- The East Coast and Gulf International Longshoremen’s Association Port Strike: An Update, and What You Can Expect
- December 28, 2012 | Author: Carlos Rodriguez
- Law Firm: Husch Blackwell LLP - Washington Office
Barring resolution on disputed container royalty contract terms or intervention by President Obama, a strike by the International Longshoremen’s Association (ILA), which will impact all ports from Maine to Texas (Eastern and Gulf Ports), is scheduled to begin at 12:01 a.m., Dec. 30, 2012. If the strike occurs, an already weakened U.S. economy could suffer extensive economic damage, and manufacturers, retailers and others who use ports to import and export goods would experience shipping delays and sharply rising shipping costs.
On Dec. 26, the United States Maritime Alliance (USMX), the organization representing ocean carriers, and the ILA agreed to continue talks to reach a contract deal, which could prevent this end-of-year port strike. The move was called for by the Federal Mediation and Conciliation Service. While some are cautiously optimistic, the details of that Dec. 26 meeting have not been publicly released.
These new talks follow a breakdown in talks on Dec. 18 over the issue of container royalties. At that point, the ILA issued preparations for a Dec. 30 strike. Earlier in the month, the ILA had rejected a short extension of the Master Contract proposed by the USMX. Notwithstanding that the parties are back at the table, the situation still seems precarious. Importers, exporters and other industry segments dependent on ports anxiously await developments.
If all else fails, the Obama administration could impose a Taft-Hartley injunction, which would allow for a “cooling off” period and another 80 days of operations. Despite the administration’s pro-labor record, it is difficult to predict whether President Obama will intervene. The looming “fiscal cliff” may spur the administration to invoke the injunction in order to avoid a strike of these proportions, which could wreak havoc on manufacturers, retailers, farmers and others who depend on the ports to move their supplies and products in and out of the U.S. and further impair recovery efforts in the New York/New Jersey area following Hurricane Sandy.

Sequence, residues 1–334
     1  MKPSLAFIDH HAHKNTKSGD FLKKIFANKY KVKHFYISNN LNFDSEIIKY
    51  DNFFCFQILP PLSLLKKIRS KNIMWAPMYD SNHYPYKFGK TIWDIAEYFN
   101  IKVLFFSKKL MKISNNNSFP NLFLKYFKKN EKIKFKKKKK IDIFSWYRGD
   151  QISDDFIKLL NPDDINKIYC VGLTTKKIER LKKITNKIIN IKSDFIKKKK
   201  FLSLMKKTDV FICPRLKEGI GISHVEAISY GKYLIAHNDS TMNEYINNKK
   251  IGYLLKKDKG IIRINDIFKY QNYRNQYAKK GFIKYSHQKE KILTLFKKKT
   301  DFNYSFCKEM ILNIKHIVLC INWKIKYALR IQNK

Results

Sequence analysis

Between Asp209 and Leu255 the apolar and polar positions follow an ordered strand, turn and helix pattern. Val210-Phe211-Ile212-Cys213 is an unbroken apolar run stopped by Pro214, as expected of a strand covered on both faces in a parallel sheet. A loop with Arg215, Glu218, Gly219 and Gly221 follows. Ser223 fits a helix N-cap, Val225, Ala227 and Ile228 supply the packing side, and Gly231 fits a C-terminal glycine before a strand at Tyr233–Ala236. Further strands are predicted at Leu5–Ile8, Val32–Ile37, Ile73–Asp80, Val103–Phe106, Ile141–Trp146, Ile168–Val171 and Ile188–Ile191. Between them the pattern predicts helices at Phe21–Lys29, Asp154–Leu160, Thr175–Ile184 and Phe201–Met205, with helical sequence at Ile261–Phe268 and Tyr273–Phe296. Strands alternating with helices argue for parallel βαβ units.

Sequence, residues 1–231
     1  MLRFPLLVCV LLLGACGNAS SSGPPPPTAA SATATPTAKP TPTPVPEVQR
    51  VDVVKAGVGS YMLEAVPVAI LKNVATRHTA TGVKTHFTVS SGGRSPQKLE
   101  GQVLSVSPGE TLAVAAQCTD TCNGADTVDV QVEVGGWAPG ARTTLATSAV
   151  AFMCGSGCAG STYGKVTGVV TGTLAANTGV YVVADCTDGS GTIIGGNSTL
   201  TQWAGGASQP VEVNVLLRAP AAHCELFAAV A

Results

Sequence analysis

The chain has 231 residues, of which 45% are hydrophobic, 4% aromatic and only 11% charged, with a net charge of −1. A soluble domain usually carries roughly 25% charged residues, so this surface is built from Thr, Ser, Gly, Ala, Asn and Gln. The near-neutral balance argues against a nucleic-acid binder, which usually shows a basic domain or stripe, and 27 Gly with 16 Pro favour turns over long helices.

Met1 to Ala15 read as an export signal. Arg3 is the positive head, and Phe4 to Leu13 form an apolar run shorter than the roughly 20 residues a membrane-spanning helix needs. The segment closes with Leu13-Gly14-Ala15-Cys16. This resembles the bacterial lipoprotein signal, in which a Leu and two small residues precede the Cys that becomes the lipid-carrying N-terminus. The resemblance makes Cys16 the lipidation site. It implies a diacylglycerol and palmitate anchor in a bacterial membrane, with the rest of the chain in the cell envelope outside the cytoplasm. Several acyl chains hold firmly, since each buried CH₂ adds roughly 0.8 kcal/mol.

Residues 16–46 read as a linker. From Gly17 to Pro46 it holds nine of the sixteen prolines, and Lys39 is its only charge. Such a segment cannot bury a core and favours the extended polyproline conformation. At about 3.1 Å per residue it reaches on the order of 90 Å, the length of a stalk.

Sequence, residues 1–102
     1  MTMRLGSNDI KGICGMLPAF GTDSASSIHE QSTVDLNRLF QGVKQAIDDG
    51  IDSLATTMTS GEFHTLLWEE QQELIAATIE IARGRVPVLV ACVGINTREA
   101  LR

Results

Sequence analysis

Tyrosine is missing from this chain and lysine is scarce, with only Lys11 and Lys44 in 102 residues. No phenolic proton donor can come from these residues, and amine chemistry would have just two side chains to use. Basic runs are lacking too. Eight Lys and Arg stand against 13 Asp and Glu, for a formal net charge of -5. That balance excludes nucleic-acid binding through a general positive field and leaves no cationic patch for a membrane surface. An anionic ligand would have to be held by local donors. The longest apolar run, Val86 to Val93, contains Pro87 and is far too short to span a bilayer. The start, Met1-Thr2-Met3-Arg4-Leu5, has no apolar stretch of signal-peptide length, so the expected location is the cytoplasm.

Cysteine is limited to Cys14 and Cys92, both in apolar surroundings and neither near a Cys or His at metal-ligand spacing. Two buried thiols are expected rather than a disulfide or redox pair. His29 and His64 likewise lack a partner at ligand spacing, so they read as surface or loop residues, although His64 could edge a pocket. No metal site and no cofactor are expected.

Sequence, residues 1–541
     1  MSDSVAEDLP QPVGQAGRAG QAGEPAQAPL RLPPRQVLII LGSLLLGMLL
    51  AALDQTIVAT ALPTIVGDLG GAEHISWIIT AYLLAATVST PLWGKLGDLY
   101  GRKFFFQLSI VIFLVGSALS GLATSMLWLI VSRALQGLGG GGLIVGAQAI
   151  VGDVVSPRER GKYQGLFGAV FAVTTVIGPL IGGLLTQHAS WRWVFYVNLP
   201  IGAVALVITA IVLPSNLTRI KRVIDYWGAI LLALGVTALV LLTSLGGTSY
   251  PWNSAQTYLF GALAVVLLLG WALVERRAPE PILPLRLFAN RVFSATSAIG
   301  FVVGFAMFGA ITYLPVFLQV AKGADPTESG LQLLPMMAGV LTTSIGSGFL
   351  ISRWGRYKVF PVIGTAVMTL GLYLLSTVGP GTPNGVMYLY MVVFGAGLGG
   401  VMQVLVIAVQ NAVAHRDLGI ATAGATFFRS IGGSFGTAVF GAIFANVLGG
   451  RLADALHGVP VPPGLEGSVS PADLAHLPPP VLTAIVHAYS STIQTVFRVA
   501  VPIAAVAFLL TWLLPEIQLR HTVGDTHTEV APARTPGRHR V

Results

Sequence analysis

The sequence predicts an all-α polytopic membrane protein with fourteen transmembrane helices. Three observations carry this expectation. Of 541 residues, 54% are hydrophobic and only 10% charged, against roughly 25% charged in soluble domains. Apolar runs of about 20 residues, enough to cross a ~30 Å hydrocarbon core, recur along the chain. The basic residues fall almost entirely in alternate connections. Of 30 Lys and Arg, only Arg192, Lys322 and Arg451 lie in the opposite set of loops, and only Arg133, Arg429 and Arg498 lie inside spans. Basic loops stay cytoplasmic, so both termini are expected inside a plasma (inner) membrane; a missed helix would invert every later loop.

What This Means To You
If the strike begins as anticipated on Dec. 30, companies should prepare for these consequences and consider these options:
Expect long delays through West Coast, Mexican and Canadian ports.
- On the West Coast, ocean carriers have announced congestion surcharges that will be applied on a per-container basis. These surcharges range in the vicinity of $800 per 20-foot container, $1,000 per standard 40-footer, $1,125 per 40-foot-high cube, and $1,266 per 45-foot container.
- Diversion options through non-U.S. ports (Canadian ports for example) are also evoking similar congestion surcharges. Viable diversion options need to be explored with your logistics team.
- If you are shipping pursuant to a service contract, carefully check its terms to insure that surcharges of this type are permissible.
- Non-vessel Operating Common Carriers (NVOCCs) that publish rates and charges are required to provide 30 days’ notice on any new surcharges or increases.
- NVOCCs that ship pursuant to Negotiated Rate Arrangements (NRAs) are NOT required to provide 30 days’ notice on any new surcharges or increases, but must renew existing NRAs with the new charges. These new charges cannot be imposed on cargo already in the control of the NVOCC, but can be imposed prospectively if the shipper agrees. If the shipper does not agree, then the NVOCC can opt out of future shipments under the prior NRA terms.
- Ask this question: Is it now commercially feasible for your cargo to move by air?